No, this is not a case of people with bags boarding first. Nor is it allowing people without bags to board first, something a few airlines have tried recently. Delta is now looking to take carry-on bags from travelers in the boarding area and bring them on board, stowing them in bins before any passengers get on the plane. All in the hope of making the boarding process more efficient and less hectic.
The “Early Valet” program is rolling out initially to a couple dozen flights and will expand over the summer, mostly targeting routes with a higher percentage of leisure travelers to help smooth that process. Delta employees will collect specially tagged bags in the boarding area and bring them on to the plane. Passengers will get to their seats to find that the bags are already in position.
It all sounds great in theory, though the staffing costs to make something like this work cannot be trivial. Then again, there’s a decent chance this cuts down on oversized carry-on bags making it in to the cabin, given that airline staff will be handling them along the way. And those oversized bags are going to end up as checked; with the focus on leisure travelers that could mean a net revenue increase for Delta as those passengers are hit with checked bag fees (assuming the tagging happens at the check-in counter and not at the gate).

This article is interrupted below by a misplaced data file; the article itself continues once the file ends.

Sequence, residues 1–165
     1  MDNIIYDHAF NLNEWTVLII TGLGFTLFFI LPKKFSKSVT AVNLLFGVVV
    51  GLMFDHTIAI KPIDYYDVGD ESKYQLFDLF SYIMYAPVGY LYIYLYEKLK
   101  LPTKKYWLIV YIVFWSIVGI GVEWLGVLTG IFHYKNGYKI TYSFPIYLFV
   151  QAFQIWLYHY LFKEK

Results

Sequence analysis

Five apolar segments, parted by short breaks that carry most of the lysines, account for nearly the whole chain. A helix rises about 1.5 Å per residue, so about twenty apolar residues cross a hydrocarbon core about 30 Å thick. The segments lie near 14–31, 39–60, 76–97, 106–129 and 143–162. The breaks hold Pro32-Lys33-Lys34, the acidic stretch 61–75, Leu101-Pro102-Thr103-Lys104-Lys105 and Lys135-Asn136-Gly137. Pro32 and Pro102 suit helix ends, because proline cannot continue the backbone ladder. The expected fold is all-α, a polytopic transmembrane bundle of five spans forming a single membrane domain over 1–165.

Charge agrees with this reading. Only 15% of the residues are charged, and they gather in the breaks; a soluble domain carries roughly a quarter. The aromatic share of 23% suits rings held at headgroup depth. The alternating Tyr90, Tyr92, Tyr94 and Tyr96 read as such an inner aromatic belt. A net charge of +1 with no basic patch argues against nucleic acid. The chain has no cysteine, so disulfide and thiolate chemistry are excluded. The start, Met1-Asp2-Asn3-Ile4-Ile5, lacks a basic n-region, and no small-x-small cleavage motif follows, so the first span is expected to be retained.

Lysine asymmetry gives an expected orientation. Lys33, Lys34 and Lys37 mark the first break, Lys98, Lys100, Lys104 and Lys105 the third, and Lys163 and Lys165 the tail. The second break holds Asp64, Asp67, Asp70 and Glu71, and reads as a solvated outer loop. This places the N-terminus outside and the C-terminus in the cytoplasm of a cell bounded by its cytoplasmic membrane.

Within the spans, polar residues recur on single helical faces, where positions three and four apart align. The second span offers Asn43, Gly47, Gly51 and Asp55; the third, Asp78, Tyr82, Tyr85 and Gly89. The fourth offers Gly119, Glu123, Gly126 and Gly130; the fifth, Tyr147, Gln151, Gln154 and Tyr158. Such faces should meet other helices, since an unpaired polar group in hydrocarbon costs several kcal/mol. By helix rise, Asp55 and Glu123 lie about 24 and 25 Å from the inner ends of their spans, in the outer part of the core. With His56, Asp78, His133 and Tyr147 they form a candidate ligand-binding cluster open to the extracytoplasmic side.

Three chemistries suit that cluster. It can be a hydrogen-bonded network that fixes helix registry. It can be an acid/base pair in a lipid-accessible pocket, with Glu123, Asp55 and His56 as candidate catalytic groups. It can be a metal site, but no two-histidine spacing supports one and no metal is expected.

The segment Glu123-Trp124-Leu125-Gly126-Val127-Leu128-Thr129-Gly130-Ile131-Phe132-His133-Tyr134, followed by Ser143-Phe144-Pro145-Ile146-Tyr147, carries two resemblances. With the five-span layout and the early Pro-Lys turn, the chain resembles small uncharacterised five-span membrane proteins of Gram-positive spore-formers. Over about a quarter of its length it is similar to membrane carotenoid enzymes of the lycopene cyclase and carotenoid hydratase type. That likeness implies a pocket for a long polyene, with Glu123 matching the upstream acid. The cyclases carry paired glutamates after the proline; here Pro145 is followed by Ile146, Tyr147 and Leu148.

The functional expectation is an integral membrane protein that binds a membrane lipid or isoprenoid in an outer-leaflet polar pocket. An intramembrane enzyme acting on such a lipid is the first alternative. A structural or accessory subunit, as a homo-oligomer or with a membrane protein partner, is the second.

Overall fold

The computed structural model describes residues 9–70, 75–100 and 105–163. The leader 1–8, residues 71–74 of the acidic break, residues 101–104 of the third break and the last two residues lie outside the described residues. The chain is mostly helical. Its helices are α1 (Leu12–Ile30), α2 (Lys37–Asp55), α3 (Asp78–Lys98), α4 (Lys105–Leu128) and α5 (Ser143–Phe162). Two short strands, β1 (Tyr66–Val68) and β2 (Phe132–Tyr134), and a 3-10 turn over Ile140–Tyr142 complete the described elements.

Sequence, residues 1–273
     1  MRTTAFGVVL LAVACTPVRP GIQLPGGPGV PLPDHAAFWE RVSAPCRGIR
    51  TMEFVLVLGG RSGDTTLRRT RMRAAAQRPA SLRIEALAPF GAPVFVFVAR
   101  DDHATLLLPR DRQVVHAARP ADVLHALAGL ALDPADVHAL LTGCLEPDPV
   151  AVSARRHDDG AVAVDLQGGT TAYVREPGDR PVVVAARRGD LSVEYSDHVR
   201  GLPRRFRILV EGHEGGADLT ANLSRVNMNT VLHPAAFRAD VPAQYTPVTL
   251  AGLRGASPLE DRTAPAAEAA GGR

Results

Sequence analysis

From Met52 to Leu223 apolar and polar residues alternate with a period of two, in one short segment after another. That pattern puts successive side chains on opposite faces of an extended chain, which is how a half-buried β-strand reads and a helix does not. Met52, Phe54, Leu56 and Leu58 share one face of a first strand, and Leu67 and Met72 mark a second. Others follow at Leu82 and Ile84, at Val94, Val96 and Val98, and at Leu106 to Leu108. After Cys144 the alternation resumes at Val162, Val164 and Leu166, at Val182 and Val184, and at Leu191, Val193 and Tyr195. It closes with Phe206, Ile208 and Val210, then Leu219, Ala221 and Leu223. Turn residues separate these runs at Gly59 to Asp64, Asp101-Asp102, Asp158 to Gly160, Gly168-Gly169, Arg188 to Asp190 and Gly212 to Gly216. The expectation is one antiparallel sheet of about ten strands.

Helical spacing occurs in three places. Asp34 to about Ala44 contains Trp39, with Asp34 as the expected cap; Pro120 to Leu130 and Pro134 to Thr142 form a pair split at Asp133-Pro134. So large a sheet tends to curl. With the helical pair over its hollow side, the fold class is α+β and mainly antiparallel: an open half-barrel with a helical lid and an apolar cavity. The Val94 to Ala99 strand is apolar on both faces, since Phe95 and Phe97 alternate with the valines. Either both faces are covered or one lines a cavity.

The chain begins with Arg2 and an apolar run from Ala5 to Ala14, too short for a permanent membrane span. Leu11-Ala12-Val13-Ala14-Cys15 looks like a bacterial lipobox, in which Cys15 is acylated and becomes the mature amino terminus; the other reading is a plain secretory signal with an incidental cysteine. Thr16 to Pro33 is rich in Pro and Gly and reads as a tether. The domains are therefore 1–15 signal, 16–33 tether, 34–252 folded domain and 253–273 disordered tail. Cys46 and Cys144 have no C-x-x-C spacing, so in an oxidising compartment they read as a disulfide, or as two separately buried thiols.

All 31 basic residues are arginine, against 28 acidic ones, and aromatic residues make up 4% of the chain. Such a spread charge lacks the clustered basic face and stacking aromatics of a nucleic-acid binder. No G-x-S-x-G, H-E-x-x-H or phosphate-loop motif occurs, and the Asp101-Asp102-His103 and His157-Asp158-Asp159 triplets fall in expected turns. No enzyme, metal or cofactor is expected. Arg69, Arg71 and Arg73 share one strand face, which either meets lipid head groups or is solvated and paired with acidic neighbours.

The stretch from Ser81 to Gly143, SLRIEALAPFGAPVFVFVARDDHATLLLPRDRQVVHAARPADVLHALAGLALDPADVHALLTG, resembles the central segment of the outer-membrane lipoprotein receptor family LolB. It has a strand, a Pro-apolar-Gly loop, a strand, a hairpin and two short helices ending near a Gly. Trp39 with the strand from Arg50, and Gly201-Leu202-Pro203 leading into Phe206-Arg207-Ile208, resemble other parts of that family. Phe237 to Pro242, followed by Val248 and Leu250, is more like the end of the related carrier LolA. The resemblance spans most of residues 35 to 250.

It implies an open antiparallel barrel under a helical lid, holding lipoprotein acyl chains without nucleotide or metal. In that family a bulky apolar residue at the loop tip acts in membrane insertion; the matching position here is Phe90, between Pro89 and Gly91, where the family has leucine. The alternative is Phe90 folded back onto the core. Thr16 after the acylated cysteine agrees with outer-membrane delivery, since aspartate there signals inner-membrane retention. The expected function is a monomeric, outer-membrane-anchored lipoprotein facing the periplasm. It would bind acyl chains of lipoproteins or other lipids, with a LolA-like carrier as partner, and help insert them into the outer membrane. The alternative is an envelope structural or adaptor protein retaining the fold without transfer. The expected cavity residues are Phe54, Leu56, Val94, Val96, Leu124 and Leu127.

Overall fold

So, yes, this is probably good for everyone. But also not necessarily a completely altruistic operation from the airline. Worth noting that a test version of the program ran late last year so this isn’t brand new, but it was successful enough that the company is expanding it.
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One reason to carry on bags is so that they will not get lost or stolen, this would not solve that issue…
US airlines for bag fees backwards; carry-on should have a fee (more expensive for the airline as it needs longer turnarounds, more valuable to customers due unwillingness to separate from bags and faster to meetings upon arrival) while bags in the hold should be free.
What a disastrous experiment charging for first checked bag has been!
People keep bringing up that the airlines NEED to charge for checked baggage because of the costs associated with it.
Basic question that I don’t have an answer for, and I’m guessing you can help with –
How do the airlines get billed for luggage services?
Obviously if it’s a hub, they’ll have all the costs internalized (staffing, equipment, etc), and will have a good handle on that (we hope).
But outside those airports, I’m assuming they contract with local airside service vendors… do they typically charge per piece, per flight, per year… ?
Where I’m going, obviously, is that checked baggage fees are *likely* a straight money-grab, rather than a cost-to-serve argument, right?
Any predictions of when DL will charge for valet? Or use it as a way of enforcing carry-on limits? Or when the first of the US “Big 3” will begin to charge for carry-on?
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